Walgreens turns to the Web for innovative recruitment drive
At Walgreens, the commitment to being an equal opportunity employer is more than just talk. Not only is the drugstore chain building a DC designed to accommodate people with disabilities, but it will also set aside a third of the center's jobs for them.
But now the challenge becomes recruiting workers for the DC, which will open in Anderson, S.C., next year. As part of its recruitment drive, Walgreens has set up a special Web site, Walgreensoutreach.com, that provides information to help potential employees understand what it will be like to work at the center and describes jobs available at the DC.
Designed to be accessible to people with sensory, physical and cognitive disabilities, Walgreensoutreach.com incorporates audio messages, photos, video and a large-print text option to depict jobs and work life at Anderson. Under the jobs section, videos show employees performing various jobs, and the text describes what the workers are doing. Prospective employees unsure if they can perform the essential job functions can take a self-quiz to get an idea of the tasks involved. For potential candidates considering relocating to Anderson, the site also has information about Walgreens' partnership with 13 local disability agencies.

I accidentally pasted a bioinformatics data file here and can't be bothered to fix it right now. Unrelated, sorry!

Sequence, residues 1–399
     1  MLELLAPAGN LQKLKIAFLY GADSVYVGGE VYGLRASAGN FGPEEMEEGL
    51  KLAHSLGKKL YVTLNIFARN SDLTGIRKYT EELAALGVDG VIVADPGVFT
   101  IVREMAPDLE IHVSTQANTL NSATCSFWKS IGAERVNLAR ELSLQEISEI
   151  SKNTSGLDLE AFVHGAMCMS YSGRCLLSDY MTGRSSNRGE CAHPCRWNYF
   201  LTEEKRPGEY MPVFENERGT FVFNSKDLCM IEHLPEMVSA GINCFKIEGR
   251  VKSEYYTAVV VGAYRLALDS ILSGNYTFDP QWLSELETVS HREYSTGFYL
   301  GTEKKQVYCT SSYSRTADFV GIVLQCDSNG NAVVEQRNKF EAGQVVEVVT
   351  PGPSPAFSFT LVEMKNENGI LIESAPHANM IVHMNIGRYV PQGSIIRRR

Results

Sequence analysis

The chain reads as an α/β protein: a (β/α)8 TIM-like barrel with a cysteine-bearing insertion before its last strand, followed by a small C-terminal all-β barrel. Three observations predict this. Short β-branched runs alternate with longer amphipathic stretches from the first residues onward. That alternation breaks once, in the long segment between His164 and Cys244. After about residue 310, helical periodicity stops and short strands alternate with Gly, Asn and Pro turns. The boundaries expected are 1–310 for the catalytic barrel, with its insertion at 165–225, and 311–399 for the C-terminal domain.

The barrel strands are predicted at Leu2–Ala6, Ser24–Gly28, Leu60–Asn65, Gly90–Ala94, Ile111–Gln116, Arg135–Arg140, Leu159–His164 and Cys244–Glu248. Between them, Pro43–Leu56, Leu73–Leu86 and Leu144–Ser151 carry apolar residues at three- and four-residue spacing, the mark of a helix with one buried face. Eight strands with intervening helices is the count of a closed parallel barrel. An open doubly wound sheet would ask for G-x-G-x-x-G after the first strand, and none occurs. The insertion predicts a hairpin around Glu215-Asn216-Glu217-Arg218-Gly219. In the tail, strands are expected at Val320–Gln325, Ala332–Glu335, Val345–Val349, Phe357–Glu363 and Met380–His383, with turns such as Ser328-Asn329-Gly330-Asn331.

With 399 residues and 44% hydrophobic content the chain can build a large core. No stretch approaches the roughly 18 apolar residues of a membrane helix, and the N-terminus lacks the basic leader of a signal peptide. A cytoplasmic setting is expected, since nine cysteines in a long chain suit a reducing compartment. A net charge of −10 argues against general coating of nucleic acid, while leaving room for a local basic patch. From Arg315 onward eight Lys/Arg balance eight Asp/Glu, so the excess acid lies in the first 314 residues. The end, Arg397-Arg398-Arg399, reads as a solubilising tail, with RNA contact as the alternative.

Recognizing the challenges faced by people with disabilities who want to work, Walgreens designed the Web site to address concerns like transportation, housing and the impact of gainful employment on Medicaid, SSI or SSDI benefits. "We know this requires more than a 'build it and they will come' attitude to be successful," says Randy Lewis, Walgreens' senior vice president of distribution and logistics. Lewis, who has a son with autism, knows first-hand the challenges of everyday life for people with disabilities. "Our local partners and statewide officials have worked tirelessly in setting up a support network to make this outreach with the disability community a success," he says.
Initially, Walgreens will hire more than 200 employees—people with and without disabilities— who will work in fully integrated teams at the Anderson DC. Eventually, it plans to ramp up to more than 600 employees.
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